Minimal invasive direct coronary artery bypass grafting via partial inferior sternotomy

  • K. Hakim
  • J. Börgermann


Today, treatment of single vessel coronary artery disease is primarily the realm of catheter intervention. A number of current studies compared revascularization of the left anterior descending (LAD) coronary artery by percutaneous transluminal coronary angioplasty (PTCA, with or without stent placement) with coronary artery bypass grafting (CABG) using the internal thoracic artery (ITA). The PTCA groups showed higher reintervention rates and in some studies an increased incidence of postinterventional myocardial infarctions [8-10]. Despite these observations and although the long-term results of ITA grafts are excellent [13, 14], most patients will favor the less invasive approach when given the choice between PTCA and CABG. Yet surgical revascularization of the LAD with an ITA graft can also be accomplished via a minimal invasive approach without extracorporeal circulation (ECC), using a technique called minimal invasive direct coronary artery bypass grafting (MIDCAB). This technique could fill a gap in the treatment options and may at the same time allow surgical myocardial revascularization in high-risk patients. Initial data of a current randomized study show that on 6-month follow-up, revascularization by MIDCAB compares favorably with catheter interventional stent implantation when freedom of angina pectoris (79 vs. 62%) and reintervention rates (8 vs. 29%) are used as endpoints [7].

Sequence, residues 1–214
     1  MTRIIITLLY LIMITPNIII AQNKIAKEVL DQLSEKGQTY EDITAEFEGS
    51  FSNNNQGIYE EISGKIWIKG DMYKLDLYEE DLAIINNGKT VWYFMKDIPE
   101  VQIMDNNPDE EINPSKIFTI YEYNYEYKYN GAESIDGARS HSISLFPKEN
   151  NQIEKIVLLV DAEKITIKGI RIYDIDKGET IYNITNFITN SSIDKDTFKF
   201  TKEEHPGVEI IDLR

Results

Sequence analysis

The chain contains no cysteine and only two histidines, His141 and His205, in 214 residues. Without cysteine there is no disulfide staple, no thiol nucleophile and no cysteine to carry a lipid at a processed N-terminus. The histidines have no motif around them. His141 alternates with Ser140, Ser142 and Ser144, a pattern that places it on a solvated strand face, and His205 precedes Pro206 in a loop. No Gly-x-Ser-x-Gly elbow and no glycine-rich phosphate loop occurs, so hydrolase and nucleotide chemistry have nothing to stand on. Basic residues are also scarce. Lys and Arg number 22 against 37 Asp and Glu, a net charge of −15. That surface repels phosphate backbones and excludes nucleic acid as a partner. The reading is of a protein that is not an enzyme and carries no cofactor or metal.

Coronary Artery Bypass Grafting Left Anterior Descend Right Coronary Artery Internal Mammary Artery Internal Thoracic Artery 
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© Springer-Verlag Berlin Heidelberg 2004

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  • K. Hakim
  • J. Börgermann

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